18 March 2012

Why did St Patrick not play 'Foggy Mountain breakdown'?

Thanks to Colin Henry (left), who opens this subject for discussion:

Our editor’s recent St Patrick’s Day interview with Chris Stuart on Bluegrass Today got me thinking about the relationship of Irish traditional music and Irish bluegrass music. One sentence by our editor struck a chord: 'it is not usual to hear the two [trad & bluegrass] played at the same event.' Well, the chord struck must have been a seventh, because it led me on to thinking of one regret I have, which is that there is not more of a crossover/collaboration with Irish trad, particularly at sessions. The similarities between the two musical genres are obvious. Bluegrass has one or more of its roots in Irish trad, as is well documented. Both have the fiddle, guitar, and mandolin as standard instruments. The banjo is there too, albeit one is a four and one a five. Many tunes are common to both ('Red-haired boy'/'Jolly beggarman'). Why then do we not manage to play together much more often?

There are, I think a number of reasons for this, and I might look at some of these in another post; but one of the possible causes of the problem is that bluegrass players cannot/do not play trad well, and vice versa (with some limited and gifted exceptions); and so when you have both genres represented in (say) a session, each tends to play their own tunes, with the other not really able to participate. The instrument and the skill needed to play it in a particular style are an important factor in this. Both styles require a very high degree of ability to play well and thus a great deal of practice in that genre is required, leaving very little time to gain a skill in the other. I can speak with authority only in my own chosen instrument; so on a dobro, for instance, Irish music does not fall as naturally as on, say, a fiddle. To play jigs and reels on a dobro is a difficult thing to do well, and in the main each tune needs to be worked out rather than played on the fly. All of this takes a lot of practice time, which is not readily available after honing my skills on 'Fireball Mail' et al.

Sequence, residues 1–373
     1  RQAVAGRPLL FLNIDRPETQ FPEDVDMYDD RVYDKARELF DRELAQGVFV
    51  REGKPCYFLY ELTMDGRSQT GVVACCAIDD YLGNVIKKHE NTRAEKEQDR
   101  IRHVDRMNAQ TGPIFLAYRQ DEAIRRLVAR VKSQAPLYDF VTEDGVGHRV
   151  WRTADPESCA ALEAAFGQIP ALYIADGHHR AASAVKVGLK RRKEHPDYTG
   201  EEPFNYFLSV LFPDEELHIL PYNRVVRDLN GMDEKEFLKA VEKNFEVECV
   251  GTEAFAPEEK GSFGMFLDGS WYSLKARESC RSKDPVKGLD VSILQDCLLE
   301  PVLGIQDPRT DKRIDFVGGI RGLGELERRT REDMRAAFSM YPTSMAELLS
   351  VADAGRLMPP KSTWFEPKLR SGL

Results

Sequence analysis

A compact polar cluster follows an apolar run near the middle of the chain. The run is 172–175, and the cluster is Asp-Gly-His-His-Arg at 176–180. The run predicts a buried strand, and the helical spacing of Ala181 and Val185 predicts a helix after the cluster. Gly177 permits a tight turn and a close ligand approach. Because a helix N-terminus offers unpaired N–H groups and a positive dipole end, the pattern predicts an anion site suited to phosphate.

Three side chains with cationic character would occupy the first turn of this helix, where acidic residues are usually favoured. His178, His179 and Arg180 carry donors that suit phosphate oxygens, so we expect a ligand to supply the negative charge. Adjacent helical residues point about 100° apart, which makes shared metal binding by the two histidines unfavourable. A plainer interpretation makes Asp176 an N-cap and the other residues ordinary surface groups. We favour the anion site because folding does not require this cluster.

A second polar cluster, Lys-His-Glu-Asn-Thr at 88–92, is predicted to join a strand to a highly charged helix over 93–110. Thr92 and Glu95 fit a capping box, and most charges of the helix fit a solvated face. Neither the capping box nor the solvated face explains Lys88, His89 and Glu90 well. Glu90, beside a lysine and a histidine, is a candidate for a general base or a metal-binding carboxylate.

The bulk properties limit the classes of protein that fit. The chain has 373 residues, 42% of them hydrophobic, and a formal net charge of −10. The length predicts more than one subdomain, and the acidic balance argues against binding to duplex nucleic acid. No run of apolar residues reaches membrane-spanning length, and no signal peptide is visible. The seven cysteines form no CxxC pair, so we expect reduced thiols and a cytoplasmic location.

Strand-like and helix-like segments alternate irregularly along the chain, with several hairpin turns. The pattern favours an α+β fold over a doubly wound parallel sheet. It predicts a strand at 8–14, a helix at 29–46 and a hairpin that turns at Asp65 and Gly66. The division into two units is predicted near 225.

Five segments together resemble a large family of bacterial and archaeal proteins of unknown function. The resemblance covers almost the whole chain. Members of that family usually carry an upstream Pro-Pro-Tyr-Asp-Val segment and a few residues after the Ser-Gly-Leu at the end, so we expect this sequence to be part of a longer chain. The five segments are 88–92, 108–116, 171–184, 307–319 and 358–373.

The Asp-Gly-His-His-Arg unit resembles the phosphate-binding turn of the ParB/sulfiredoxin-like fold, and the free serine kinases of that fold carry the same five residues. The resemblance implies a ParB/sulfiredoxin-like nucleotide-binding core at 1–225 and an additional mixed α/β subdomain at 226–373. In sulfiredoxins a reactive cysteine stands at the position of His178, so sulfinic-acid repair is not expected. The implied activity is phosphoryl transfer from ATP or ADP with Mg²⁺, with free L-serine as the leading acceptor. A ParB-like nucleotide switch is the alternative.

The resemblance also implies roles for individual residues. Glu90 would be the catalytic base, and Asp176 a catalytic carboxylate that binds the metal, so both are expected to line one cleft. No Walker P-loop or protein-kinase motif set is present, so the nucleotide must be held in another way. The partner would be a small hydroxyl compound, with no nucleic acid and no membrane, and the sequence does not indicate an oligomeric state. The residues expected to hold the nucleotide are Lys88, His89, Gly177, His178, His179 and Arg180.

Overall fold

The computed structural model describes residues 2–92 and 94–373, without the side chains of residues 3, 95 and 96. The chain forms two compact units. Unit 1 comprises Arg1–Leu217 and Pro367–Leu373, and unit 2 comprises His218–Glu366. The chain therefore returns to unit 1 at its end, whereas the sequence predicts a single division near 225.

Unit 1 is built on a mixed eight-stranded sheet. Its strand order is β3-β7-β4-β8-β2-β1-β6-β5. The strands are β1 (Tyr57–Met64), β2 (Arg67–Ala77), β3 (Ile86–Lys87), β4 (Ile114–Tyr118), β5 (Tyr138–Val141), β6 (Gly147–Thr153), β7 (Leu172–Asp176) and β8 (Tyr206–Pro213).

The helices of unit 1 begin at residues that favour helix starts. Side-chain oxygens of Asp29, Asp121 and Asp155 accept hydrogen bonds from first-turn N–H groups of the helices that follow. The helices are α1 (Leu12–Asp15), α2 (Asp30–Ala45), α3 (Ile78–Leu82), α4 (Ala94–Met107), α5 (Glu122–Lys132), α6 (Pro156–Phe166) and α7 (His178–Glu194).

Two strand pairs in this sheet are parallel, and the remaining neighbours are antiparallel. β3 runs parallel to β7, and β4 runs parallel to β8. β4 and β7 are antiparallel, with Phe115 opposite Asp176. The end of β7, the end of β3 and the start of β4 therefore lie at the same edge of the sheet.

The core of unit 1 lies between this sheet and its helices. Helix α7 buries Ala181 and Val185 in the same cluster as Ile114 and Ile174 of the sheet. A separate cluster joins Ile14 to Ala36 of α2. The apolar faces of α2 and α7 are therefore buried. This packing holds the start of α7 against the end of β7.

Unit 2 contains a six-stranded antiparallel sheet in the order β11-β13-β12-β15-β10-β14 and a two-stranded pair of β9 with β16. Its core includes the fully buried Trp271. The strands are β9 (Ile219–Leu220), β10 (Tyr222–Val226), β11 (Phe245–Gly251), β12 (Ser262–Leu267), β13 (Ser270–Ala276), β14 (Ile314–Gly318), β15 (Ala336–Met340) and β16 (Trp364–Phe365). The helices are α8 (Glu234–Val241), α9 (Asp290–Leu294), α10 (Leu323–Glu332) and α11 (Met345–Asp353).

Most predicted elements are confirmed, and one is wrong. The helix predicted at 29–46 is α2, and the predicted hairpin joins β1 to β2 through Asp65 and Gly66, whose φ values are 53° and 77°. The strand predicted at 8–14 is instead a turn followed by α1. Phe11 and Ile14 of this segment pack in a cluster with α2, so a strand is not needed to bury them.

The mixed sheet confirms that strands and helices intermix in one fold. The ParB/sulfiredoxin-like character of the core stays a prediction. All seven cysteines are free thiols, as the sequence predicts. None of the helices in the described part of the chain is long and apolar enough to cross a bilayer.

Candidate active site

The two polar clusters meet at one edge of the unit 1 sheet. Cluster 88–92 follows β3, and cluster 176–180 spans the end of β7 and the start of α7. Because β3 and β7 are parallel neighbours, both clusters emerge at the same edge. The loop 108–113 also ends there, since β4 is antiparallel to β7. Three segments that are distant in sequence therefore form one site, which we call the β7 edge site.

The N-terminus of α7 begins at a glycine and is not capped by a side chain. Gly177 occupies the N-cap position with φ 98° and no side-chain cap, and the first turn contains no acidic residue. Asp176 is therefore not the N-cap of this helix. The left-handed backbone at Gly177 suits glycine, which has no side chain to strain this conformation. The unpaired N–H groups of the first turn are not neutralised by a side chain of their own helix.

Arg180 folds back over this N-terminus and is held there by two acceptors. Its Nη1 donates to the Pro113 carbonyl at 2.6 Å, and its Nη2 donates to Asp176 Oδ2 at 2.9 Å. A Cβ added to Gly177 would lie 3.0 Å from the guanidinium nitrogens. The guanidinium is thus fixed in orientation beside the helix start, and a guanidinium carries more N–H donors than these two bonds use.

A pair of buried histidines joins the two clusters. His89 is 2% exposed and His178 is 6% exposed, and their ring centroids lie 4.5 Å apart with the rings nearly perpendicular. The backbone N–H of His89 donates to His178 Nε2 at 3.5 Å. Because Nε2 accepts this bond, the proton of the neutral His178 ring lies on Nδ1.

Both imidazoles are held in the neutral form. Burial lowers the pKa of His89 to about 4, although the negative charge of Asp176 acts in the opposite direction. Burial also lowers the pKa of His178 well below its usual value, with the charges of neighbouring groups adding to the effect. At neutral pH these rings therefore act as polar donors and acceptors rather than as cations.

My experience is that bluegrass musicians like trad and trad musicians like bluegrass, so it’s not a rejection of the other’s music. It must therefore be something else and playing skill may be a major factor. Just a thought, and maybe food for some further thoughts. Comments welcome.

BIB editor's note: Please do comment, but note that because of the 'moderating' process mentioned at the head of the BIB, your comment won't appear at once. It has been received, so there is no need to resend it.

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At 1:10 am, Blogger phantompicker said...

A great chord indeed, from a highly respected player. I find the similarities are equaled in Dance music. Dance is an art form that is equally available and takes a lot of practice. "The Grid" is one great banjo tune, or some may find a great Dance music tune. Thanks Colin, insightful.

At 5:43 pm, Blogger Richard Hawkins said...

Notwithstanding what bluegrass and Irish music may have in common, I feel that the differences can present a challenge. Even playing with other bluegrassers can be unsettling, if (regardless of choice of material) their tempos and timing are different to what one's accustomed to. And for similar reasons, even playing with old-time musicians - whose music is several steps closer to bluegrass than Irish music is - can be tricky for the bluegrasser who is trying to fit in.

I have at times played with Irish musicians, with results that pleased me (and apparently didn't displease them). Musicians of the calibre of Bela Fleck, Tom Hanway, or our own Jonathan Toman, who are thoroughly familiar with the tunes, tempos, and ornamentation of Irish music, can play melody on such tunes as it needs to be played. I can't do that. What I do instead (benefiting from the convention in traditional music of not taking breaks) is to attempt to fit in, first by avoiding conspicuously 'American' phrasing and timing, and secondly by playing rolls in such a way as to support the rhythm and provide texture. If I can hear notes of the melody that can be played at appropriate points, I'll do that; otherwise, I try not to clash with it.

This obviously does not result in playing in anything that can be called a traditional style; but it can at least work in the context of a casual session.

At 6:14 pm, Blogger Colin Henry said...

I agree with you Richard and follow your example also by trying to 'fit in' rather than 'compete'; the latter being doomed from the start with me!


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